And when I say two days, I mean 9:00 AM - 5:00 PM of solid shooting, analysis, drills, lectures, shooting and shooting. This was not a course for the faint of heart. However, not only was the instruction very good, the whole program was wrapped in history and tradition, which was particularly appealing to my personal interests. The way that the story of April 19, 1775 and the start of the revolutionary war was woven and intertwined with our regimen of instruction was well done and entertaining, if not enlightening.


Every time I shot my rifle, I improved. I felt like a learning sponge all weekend long, just sopping up every bit of information that I could from the three amazingly talented instructors and fellow participants, which ranged in age from younger than 10 to older than 50, boys and girls, men and women. (Listen up, ladies shoot free!) 


Sometimes we got so much information it was a bit overwhelming. Often, my brain couldn’t process it all fast enough, and integrate that new data with my physical actions. By the end of day two, I was bruised, sore and exhausted. However, I had raised my AQT (Army Qualification Target) score far above the average score of a completely inexperienced shooter, but even though I did not earn my rifleman qualification, I was still exhilarated by the experience.  Not just because it was fun to truly learn how to shoot, but because Appleseed is a culture that seeks to awaken minds and uses marksmanship and history as the tools.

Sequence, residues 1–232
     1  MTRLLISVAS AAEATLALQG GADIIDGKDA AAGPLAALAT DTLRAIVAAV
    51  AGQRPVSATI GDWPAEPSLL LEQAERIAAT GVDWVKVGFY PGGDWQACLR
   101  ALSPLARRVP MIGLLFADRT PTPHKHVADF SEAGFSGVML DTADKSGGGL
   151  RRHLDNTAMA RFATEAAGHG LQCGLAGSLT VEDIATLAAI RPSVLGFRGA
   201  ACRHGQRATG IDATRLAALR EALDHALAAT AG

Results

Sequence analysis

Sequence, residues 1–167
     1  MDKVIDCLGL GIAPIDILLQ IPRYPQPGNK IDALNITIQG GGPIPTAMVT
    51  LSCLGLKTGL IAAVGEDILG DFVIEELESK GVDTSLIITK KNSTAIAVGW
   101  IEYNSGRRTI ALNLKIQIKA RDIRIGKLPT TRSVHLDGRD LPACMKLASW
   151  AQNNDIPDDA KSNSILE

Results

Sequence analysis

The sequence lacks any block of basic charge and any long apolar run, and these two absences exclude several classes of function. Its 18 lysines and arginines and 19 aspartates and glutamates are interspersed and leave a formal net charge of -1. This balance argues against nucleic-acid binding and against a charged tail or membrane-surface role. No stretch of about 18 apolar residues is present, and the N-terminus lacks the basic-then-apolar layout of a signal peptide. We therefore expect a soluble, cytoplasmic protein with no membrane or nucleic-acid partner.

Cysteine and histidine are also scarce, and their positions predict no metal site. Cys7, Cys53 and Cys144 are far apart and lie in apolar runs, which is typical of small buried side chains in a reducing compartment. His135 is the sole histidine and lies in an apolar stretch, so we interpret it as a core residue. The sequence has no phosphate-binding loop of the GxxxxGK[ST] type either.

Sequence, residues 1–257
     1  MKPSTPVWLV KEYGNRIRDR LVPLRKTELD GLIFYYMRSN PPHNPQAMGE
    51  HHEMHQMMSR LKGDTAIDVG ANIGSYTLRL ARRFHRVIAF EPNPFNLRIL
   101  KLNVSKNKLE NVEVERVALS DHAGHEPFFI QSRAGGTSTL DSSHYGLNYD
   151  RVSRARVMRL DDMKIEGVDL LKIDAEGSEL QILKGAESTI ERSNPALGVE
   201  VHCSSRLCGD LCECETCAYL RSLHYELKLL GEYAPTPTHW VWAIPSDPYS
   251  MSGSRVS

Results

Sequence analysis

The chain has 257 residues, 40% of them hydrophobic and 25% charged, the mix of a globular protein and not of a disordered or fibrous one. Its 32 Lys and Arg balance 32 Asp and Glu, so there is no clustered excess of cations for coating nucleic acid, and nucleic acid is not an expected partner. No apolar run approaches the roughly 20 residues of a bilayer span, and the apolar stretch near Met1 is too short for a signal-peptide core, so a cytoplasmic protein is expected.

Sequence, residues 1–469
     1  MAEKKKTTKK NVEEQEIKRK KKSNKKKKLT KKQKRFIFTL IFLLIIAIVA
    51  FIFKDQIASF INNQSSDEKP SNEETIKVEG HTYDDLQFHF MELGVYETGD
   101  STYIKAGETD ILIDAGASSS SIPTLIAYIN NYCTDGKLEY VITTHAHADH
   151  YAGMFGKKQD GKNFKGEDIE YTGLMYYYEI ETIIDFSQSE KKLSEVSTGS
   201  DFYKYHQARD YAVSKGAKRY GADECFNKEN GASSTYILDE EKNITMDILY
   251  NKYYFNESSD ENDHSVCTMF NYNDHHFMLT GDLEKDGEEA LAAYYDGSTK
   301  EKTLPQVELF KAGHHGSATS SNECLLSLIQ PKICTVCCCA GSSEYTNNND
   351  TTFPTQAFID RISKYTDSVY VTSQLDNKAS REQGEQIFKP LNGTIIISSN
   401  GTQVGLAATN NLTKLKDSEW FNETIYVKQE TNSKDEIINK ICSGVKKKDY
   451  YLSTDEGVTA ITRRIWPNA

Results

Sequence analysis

Like the t-shirt says… “I went to an RWVA Appleseed Shoot. I was there for the adventure, I was there for the rebirth. Those who can’t shoot have to cook. Former cook becoming a rifleman – it feels GOOD…


If you’re looking for an opportunity to participate in a shoot, there are at least a hundred events scheduled across the country, the complete schedule of which can be found here: http://www.appleseedinfo.org/as_schedule.htm